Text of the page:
HUNTINGDON - Isaac Newton and Charles Darwin are considered to be among the most influential scientists in history.
Yet, their opposing views about the cause of life may explain the reason for today's divisive evolution vs. intelligent design debate.
Biology Professor Doug Glazier argued during a lecture Wednesday at Juniata College that Darwin and Newton's worldviews explain a lot about why the controversy exists.
He said scientists on both sides would benefit by trying to understand how foundational a person's worldview is to their interpretation of the universe.
The professor began his lecture by pointing out how similar the two scientists' lives were.
Seventeenth-century Newton and 19th century Darwin both came from wealthy families, grew up without a mother and attended Cambridge. Oddly enough, both Newton and Darwin tried to enter the clergy. Neither succeeded.
Both spurred major scientific revolutions, and their discoveries continue to be cited by scientists today.
But their views of science and the universe basically are opposite.
Newton believed the world functions through universal laws set in motion by a creator. These laws can be seen as predictable patterns, sometimes with minor deviations. Simply, the universe works like a complex machine created by God for a purpose.
Darwin, on the other hand, believed the universe is a diverse menagerie arising by blind process with no purpose. Many variables including environment, population and process cause diversity in the universe.
To illustrate, Glazier described two different views of the way species evolve.
Newton's concept is like a ladder showing a medium-sized animal slowly growing and developing new features, while staying within its species, to become a large elephant. Its evolution is driven by physical forces that progress toward a specific direction, a purpose.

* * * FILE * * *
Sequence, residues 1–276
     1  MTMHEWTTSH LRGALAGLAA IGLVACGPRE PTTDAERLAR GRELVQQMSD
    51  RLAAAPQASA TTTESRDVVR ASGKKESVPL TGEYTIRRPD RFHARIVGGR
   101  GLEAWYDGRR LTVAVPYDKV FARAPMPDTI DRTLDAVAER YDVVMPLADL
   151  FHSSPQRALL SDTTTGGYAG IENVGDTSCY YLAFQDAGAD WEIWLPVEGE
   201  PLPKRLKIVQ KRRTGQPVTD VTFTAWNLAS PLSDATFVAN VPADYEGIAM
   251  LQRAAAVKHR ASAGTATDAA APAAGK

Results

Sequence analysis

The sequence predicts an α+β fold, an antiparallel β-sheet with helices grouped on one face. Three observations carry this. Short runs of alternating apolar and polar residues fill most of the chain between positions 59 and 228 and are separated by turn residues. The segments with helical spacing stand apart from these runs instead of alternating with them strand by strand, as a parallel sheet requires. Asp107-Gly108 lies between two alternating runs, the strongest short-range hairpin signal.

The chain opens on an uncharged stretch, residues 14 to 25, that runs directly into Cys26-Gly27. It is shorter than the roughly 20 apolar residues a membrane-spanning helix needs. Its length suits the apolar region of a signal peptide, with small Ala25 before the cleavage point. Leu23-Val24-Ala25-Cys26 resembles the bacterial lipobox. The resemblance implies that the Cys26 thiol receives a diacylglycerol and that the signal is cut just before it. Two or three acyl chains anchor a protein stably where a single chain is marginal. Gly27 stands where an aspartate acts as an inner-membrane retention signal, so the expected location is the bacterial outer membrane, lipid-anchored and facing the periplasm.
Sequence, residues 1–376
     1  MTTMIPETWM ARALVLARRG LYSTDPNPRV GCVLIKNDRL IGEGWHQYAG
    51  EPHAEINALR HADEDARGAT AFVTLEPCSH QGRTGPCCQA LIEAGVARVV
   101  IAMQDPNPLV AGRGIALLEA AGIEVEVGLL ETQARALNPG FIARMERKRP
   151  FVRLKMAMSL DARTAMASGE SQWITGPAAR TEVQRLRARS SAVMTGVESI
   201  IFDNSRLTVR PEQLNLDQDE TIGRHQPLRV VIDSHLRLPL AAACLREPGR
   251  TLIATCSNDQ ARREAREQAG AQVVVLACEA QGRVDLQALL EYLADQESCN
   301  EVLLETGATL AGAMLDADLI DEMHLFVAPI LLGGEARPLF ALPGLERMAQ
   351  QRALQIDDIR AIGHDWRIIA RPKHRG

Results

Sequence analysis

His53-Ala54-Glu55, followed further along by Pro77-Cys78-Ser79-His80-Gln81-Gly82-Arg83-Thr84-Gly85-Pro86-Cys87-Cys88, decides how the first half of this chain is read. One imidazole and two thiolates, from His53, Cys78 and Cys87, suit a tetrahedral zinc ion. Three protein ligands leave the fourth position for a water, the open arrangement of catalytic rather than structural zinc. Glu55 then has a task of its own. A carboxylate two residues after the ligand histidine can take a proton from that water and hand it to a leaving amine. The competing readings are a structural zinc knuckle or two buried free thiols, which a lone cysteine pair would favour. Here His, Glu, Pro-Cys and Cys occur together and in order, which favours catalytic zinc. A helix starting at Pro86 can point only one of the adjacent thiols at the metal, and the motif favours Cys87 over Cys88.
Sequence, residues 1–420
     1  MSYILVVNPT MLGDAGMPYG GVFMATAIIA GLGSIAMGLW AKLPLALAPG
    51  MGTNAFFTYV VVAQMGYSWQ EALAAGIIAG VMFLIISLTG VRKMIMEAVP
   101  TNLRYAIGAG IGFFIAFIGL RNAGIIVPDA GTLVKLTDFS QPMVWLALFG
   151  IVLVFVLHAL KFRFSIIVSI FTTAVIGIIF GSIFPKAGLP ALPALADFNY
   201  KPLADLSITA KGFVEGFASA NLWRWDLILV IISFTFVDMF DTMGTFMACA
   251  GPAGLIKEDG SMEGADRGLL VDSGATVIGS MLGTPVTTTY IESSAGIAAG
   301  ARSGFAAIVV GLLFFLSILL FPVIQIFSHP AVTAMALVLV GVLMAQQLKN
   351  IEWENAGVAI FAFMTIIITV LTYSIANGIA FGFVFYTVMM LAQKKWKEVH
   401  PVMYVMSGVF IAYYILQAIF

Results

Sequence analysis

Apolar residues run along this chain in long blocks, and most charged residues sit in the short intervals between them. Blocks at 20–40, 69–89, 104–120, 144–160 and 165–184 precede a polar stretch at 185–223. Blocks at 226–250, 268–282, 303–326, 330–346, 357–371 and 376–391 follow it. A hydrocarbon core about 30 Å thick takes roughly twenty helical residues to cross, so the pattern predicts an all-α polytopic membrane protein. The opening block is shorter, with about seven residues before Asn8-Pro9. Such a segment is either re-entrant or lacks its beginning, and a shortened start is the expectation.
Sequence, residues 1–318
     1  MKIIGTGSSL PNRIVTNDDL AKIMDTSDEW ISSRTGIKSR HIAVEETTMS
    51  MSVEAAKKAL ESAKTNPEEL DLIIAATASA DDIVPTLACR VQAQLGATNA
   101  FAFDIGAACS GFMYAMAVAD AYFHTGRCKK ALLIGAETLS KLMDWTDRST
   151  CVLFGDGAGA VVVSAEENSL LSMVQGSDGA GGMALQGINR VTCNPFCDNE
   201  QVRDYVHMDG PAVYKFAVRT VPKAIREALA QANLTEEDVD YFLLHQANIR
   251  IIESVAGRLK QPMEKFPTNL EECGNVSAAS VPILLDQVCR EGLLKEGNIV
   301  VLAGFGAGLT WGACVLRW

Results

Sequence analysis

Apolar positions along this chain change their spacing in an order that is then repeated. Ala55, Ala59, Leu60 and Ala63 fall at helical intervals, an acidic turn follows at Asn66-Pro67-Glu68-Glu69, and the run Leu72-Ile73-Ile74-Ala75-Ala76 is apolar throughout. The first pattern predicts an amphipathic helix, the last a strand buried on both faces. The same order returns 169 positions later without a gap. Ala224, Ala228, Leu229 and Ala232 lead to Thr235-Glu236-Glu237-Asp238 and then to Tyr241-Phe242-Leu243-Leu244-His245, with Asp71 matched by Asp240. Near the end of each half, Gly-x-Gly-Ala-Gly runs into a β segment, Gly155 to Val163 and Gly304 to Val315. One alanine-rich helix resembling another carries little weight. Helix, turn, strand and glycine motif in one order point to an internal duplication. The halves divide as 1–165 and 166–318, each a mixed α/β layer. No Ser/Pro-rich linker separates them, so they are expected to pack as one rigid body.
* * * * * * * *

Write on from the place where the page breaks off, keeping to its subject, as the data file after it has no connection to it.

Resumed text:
The professor compared Darwin's concept to a tree with many branches. An elephant could branch off and due to varying circumstances evolve into any
process occurs without a force driving specific direction toward a goal, without a specific pattern.
Another example of the conflicting beliefs is the issue of metabolic rate, Glazier said.
Metabolic rate, or the speed at which an organism uses energy, is believed to follow a universal law. When organisms' are graphed based on the mass and metabolic rate, they show a uniform slope pattern, supporting Newton's belief in laws or patterns that govern nature.
Recently, though, Glazier said he found an exception to the law in a water flea. When he later studied krill and squid, Glazier said he found their rates also branched out away from the law.
Other studies have shown that while adult humans' metabolic rates are consistent, children's rates are not, Glazier said.
"I thought this must be more than physical design," Glazier said, pointing out how the new research supports Darwin's view of diversity rather than Newton's belief in predictable patterns.
Glazier ended his lecture by questioning whether the clash of views will stimulate a new concept of scientific causality.
The professor proposed his own idea of meta-mechanism as a new starting point for explaining causes within the universe. His idea combines some of both Darwin and Newton's views, without ruling out intelligent design or entirely random causation.
Meta-mechanism describes the world as functioning through many complex mechanism-like processes that vary depending on their contextual state, he said.
Glazier pushed for a more open understanding of differing scientific viewpoints, saying there is a tendency today to say one side of the evolution debate is wrong rather than to see it as two different views of science.
"It's become one of the most contentious areas of biology I've ever encountered," Glazier said.
His lecture was part of the Juniata College Bookend Seminars, which allow faculty to discuss research or make presentations to a general audience. The lectures are free and open to the public. For more information, visit www.juniata.edu.